About virtualization and disaster recovery

About virtualization and disaster recovery

by Yaniv Valik on December 29, 2011

Virtualization and solutions such as VMware SRM certainly encapsulate great advantages for DR testing. The assurance that the production and DR servers are 100% identical is a most appealing feature of virtualization. Other benefits such as the ability to run production and DR in parallel, run a DR exercise whenever you want and the simplicity of virtualized servers also bring progress to the field of Disaster Recovery Testing. However, even with virtualization, successful recovery is far from being a slam dunk. In the next paragraphs I’ll try to outline few of the challenges around recovery in a virtualized environment.

Configuration errors and best practice violations may still render your replicated virtual machines/data corrupt and/or inconsistent, thus irrecoverable. Very much like in the physical (pre-virtualization) world, if you do not follow the rules and devotedly make sure that implementation and day-to-day changes meet the guidelines of the different vendors , your recovery will be at risk. For example, a point-in-time copy (created with EMC TimeFinder, HP StorageWorks XP Business Copy or alike) taken while the source virtual machine was not shutdown or suspended is at high risk of being inconsistent. Some of you may recall similar concepts for creating consistent images for databases such as Oracle (cold/hot backup), UDB (I/O suspension) and other DBMS. Of course, this is just one example of a long list of pre-requisites, guidelines and recommendations – and each vendor has its own list. On top of that – there are specific cross-vendor guidelines e.g. NetApp and VMware, Hitachi and Hyper-V, etc. – but we’ll get to that later.

A DR exercise is still a complex operation. Yes, with tools such as VMware SRM, in theory a DR test is just few clicks away. In reality, there remain many challenges that prevent a frequent DR test, such as:

Complete Prod/DR separation is difficult and mistakes gravely affect production

  • Networks collisions, conflicts, etc
  • Dependencies on physical elements (file server or other sensitive un-virtualized application  – that at the same time interacts with virtualized components)

DR testing is more than just failing over – it’s a complex operation

  • Different teams must verify storage, servers, databases and applications are functioning properly
  • Real life scenario must be simulated including peak load scenarios
  • Workstations must be manned with end users
  • It takes time
    • Problems must be resolved
    • Processes must be coordinated
  • It’s not enough to bring everything online, reasonable performance must be also be tested and assured (see example ahead)

Manpower – as implied by the previous bullet – a DR exercise requires dedicated cross-domain human resources

  • BCP personnel, Project managers, IT managers,…
  • Storage administrators
  • Unix and Windows system administrators
  • Network administrators
  • Security personnel
  • Oracle DBAs, MS-SQL DBAs, …
  • Application owners – WebSphere, Bea, Exchange, Lotus,…
  • End users

Dependencies and overlap areas between different domains and areas of responsibility create vulnerabilities which jeopardize the ability to recover successfully. Virtual machines depend on correct storage and replication configuration. For example – reduced RAID level configuration put your VM at risk. Furthermore, if VMFS is being partially remotely replicated or if consistency groups do not include all required resources, data will be lost upon disaster. There are plenty of other samples of what-could-go-wrong in the VMware-Storage overlap (is your remote ESX configured with the same multipath level at the production ESX? Same load balance algorithm? Queue depth? I can go on and on). Other dependencies exist between databases and VMware – depending on your required level of recovery assurance, you may need to put the database in backup mode (Oracle lingo) while creating VMware or storage snapshots (unless you’re willing to settle with recovery-not-guaranteed crash consistent copies…). Another overlap area is between virtualized and un-virtualized environments. In the real world, not all assets are virtualized. Those assets interact with virtualized components. Hence, all the complexities of the physical disaster recovery drill still exits (some may say that having to deal with two types of environments creates even a greater challenge). Examples of such virtual-to-non-virtual relationships are:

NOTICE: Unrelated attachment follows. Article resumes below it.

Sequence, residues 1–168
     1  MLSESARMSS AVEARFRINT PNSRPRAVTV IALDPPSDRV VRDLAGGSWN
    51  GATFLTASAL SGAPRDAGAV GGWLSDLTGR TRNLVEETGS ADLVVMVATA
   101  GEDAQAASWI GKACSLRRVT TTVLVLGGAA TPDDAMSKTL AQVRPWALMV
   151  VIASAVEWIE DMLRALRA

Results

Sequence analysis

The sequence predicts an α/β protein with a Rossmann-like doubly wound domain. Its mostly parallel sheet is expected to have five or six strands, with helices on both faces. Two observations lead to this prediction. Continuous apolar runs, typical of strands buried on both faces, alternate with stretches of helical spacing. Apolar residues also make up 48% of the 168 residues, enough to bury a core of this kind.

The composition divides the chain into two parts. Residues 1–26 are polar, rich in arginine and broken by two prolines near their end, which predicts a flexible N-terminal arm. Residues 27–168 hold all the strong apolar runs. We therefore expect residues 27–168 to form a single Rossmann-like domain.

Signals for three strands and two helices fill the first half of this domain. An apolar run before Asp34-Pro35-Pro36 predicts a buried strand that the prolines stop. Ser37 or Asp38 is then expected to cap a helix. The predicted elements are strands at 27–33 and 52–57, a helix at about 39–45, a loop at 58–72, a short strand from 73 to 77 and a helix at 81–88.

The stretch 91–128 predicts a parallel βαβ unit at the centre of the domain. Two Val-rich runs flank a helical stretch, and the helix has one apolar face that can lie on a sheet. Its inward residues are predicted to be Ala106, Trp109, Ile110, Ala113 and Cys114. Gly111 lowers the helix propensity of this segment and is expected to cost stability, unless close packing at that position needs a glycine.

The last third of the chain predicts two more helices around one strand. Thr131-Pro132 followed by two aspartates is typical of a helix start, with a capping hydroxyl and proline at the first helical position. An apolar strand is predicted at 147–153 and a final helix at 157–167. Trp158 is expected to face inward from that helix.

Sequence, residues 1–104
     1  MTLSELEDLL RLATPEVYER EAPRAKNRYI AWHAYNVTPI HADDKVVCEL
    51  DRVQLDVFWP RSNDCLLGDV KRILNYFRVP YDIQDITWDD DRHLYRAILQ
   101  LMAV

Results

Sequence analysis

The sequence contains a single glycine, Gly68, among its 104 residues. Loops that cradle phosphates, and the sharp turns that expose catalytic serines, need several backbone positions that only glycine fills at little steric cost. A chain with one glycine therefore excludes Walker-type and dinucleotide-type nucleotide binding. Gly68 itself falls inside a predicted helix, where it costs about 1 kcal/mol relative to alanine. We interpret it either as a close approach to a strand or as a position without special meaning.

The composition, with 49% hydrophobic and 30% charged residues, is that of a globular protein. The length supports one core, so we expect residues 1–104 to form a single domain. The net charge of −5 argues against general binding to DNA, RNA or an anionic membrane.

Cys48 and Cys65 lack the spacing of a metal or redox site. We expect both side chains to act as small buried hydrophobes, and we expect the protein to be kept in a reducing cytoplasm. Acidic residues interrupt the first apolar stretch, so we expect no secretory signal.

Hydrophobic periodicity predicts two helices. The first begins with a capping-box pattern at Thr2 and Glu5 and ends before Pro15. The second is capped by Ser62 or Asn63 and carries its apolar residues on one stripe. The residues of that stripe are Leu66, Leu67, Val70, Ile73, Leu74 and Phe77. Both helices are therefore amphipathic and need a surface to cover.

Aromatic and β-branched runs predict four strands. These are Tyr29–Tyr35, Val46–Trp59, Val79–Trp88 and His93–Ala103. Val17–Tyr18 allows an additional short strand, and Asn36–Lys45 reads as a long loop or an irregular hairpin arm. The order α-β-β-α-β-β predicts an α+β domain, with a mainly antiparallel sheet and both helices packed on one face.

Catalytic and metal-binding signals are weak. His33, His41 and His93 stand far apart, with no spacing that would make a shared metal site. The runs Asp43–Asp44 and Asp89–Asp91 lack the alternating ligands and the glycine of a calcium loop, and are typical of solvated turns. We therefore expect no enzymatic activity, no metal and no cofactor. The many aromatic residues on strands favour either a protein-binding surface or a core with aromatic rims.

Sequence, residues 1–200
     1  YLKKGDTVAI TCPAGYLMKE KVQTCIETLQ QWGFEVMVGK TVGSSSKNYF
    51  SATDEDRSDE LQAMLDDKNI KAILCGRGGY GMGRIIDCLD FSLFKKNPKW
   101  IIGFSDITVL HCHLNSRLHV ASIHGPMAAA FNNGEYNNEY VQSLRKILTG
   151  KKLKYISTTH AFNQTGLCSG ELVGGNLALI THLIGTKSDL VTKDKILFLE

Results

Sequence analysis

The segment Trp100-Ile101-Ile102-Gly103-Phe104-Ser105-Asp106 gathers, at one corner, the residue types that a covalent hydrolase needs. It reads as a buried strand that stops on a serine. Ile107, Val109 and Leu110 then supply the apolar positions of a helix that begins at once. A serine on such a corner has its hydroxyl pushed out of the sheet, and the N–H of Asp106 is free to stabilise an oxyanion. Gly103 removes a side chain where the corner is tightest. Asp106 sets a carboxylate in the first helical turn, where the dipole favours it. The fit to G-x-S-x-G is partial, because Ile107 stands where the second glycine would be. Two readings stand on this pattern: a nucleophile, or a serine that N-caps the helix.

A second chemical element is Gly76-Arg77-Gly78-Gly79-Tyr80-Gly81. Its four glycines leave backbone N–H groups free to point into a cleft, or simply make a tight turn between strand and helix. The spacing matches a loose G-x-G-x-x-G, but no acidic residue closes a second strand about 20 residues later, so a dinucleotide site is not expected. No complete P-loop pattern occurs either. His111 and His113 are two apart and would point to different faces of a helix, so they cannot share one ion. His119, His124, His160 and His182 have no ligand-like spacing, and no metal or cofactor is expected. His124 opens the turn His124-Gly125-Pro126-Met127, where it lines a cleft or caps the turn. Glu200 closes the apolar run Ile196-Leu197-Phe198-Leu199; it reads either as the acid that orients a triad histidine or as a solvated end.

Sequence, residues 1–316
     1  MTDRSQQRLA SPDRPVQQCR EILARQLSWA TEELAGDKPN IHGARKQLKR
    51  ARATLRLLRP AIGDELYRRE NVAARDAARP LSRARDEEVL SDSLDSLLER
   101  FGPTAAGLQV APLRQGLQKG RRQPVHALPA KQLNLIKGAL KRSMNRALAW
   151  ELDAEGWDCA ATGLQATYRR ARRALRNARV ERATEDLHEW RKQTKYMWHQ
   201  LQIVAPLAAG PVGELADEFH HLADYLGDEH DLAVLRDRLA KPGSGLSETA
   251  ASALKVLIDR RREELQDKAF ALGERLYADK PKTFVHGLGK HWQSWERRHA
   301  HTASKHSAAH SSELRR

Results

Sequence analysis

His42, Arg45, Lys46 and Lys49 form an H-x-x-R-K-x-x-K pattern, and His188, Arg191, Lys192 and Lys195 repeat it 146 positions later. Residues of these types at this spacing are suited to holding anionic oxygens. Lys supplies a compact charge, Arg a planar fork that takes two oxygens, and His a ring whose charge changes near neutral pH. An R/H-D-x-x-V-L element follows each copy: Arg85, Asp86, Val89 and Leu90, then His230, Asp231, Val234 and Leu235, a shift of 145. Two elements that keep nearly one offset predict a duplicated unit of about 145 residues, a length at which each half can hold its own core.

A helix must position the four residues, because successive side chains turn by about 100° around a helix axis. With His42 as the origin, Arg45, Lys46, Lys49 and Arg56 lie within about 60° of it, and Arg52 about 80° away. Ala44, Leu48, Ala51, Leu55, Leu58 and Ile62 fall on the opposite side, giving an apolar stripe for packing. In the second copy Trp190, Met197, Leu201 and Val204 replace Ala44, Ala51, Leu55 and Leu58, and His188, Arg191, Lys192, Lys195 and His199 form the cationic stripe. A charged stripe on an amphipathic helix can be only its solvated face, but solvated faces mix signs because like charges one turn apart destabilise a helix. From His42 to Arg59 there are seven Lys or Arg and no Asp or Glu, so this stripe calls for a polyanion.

• Virtualized client accessing non-virtualized NFS/CIFS file server
  • Database on VM interacts (via DB links for example) with database on a physical server
  • Virtualized business line relies on data from other non-virtualized business line – or vice verse
  • Virtualized clients accessing not virtualized applications (Exchange, Lotus, etc)
  • Physical domain / DNS servers serving virtualized environments
  • And so on…

To sum up – Yes, virtualization is a game changer for Disaster Recovery Management (DRM). Nevertheless, many of the traditional BCP/DR challenges still exist as well as several new challenges which have emerged as a result of using virtualization. Running a DR exercise is simple in theory but not in practice. To ensure successful recovery, an enterprise organization must put significant time, money and human resources. Automation is the key. The use of HA/DR monitoring solutions such as Continuity Software’s AvailabilityGuard/DR and Symantec’s Disaster Recovery Adviser (DRA) can give BCP and IT teams visibility into dependencies in virtualized and physical environments and automatic availability/recovery vulnerability detection.

Yaniv Valik
Yaniv Valik
VP Product Management & Customer Success at Continuity Software

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